The director of Folklorama's newest programming is excited to see Manitobans excited about exploring aspects of other cultures.

Tuesday is Christian Hidalgo-Mazzei's first day as the new Ethno-Cultural Arts division, but he has spent the past 30 years with the organization. Heading up this division has been a dream of Hidalgo-Mazzei's, saying he had been pushing for programming like this for a long time.

"The festival puts a lot of attention on the song and dance, the spectacle, the show, which is great, (I) love it, but tangible cultural heritage also takes other forms," he says.

He says cooking, crafts, legends and other elements play important roles in culture too.

As an advocate for sharing cultures, he loves the song and dance shows of the festival but is excited to see cultures ing explored in a quieter tone.

"It basically hogs all the attention, media and otherwise because it is the world's largest multi-cultural festival. So every other programming that we did aside from the festival got lost," Hidalgo-Mazzei says. "You remove the festival from the equation because of the pandemic and everybody is looking at the good things we do year-round."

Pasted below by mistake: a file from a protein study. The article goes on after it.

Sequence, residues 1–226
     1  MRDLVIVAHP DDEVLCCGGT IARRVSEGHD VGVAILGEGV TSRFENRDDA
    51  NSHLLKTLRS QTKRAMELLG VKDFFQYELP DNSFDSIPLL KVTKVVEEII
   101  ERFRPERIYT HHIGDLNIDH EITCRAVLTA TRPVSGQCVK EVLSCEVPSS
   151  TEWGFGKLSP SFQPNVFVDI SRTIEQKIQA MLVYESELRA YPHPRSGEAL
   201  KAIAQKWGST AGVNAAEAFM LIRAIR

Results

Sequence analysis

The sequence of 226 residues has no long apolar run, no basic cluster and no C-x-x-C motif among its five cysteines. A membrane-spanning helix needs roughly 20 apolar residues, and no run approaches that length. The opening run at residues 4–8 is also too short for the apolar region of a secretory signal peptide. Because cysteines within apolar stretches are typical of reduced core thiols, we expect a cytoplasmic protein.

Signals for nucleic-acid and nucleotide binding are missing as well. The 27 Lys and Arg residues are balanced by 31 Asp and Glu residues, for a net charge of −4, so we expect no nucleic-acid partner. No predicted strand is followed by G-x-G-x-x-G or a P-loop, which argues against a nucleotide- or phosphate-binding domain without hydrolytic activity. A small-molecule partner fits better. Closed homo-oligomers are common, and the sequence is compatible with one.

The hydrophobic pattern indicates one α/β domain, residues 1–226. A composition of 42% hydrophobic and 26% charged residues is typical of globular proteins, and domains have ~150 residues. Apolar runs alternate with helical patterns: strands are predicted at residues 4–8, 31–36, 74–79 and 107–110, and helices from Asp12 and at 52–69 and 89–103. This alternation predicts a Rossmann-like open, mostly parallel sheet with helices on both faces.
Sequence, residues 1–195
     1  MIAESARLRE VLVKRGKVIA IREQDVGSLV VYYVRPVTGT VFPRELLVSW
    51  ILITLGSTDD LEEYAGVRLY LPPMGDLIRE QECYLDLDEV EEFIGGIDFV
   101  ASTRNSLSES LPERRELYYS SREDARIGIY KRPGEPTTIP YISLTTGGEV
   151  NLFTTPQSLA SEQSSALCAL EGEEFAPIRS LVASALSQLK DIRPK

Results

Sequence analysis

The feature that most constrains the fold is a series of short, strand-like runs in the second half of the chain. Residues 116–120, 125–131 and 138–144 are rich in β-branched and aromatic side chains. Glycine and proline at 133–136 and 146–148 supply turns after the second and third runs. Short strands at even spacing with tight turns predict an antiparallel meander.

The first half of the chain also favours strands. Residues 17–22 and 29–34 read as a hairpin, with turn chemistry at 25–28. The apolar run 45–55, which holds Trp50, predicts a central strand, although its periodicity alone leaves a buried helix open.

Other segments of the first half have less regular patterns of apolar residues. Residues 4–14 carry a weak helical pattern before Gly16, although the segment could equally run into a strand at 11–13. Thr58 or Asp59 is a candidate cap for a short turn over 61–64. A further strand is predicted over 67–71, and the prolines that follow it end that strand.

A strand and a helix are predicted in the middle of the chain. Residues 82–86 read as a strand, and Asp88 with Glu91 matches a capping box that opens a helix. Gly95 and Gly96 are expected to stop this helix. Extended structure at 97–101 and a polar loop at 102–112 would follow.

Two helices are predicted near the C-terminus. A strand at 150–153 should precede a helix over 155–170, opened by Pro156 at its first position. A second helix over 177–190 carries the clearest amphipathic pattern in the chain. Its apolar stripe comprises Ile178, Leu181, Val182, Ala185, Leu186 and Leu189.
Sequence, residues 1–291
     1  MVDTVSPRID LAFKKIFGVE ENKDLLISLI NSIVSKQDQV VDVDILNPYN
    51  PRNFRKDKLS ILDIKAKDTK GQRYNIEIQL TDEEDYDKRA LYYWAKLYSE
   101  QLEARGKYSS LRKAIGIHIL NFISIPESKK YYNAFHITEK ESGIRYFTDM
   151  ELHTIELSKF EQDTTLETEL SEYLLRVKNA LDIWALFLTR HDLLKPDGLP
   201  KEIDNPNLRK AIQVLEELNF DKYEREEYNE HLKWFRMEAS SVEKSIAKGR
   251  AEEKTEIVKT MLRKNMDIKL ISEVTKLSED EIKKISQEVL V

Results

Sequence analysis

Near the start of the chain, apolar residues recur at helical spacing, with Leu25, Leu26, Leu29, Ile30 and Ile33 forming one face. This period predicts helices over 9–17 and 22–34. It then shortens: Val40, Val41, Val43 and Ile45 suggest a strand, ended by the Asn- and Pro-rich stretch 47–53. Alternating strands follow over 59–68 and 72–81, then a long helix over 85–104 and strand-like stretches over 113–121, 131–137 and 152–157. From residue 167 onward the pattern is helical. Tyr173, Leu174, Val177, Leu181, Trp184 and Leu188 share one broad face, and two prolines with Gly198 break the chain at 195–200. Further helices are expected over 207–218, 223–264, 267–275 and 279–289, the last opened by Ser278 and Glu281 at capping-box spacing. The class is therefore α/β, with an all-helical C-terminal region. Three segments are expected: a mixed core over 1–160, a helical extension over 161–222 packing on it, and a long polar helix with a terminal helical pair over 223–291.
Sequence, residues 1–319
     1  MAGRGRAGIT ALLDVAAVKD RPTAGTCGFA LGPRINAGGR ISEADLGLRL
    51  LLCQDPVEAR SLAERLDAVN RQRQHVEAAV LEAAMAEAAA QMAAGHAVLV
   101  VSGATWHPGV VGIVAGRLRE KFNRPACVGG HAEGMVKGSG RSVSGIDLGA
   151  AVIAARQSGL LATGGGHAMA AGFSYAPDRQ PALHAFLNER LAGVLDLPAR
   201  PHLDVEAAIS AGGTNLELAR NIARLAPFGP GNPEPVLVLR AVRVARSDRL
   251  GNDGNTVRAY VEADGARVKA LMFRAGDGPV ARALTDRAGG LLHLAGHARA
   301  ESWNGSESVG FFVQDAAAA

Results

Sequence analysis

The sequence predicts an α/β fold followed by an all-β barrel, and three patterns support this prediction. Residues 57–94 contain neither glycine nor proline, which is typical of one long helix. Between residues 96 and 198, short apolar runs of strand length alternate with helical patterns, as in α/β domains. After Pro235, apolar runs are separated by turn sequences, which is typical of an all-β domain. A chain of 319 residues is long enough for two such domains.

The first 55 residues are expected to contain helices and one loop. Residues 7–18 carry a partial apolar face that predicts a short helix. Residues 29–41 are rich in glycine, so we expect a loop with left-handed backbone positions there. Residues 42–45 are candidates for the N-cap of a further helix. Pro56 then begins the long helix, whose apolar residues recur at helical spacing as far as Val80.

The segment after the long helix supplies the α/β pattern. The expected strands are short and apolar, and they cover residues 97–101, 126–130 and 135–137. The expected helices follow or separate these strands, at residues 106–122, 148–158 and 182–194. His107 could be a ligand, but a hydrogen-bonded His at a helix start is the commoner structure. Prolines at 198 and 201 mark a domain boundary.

christian hildalgo mazzeiHildalgo-Mazzei began working with Folklorama as a volunteer. (Folklorama/Facebook)

Combining the highly-successful Folkorama At Home, Folkorama At Work, Folkorama At Play, and Folkorama At School, the distanced Ethno-Cultural Arts division was born.

Similar to the free programming they were able to offer thanks to a Stay At Home grant from the province, Hidalgo-Mazzei found there was a demand for the at-home workshops.

"What we did was survey those people that attended and streamed the videos and most of them, a lot of them, 80 per cent were comfortable with paying for a workshop."

The paid experiences will offer kits to help people participate, including experiences such as the first one on April 9. This also allows the artists to be recognized across the world.

Cultural appreciation is key for Hidalgo-Mazzei, saying most groups are excited to share their traditions with others.

"I've asked that question to a lot of performers, 'how do you feel when somebody else is trying to do what you do' and they go 'this is great."

He says it is a positive thing to see other cultures being appreciated by people who are not originally part of it. He says for the most part people who embrace parts of cultures are appreciative and do it respectfully. He does not want people to avoid other cultures over the fear of doing it wrong.

"Any cultural group that really wants to share and preserve their culture would be more than happy to have other people join in."

In the spring, Folklorama pivoted to offer online programming as they were uncertain of the future of the pandemic. Live festivals are on pause for the time being.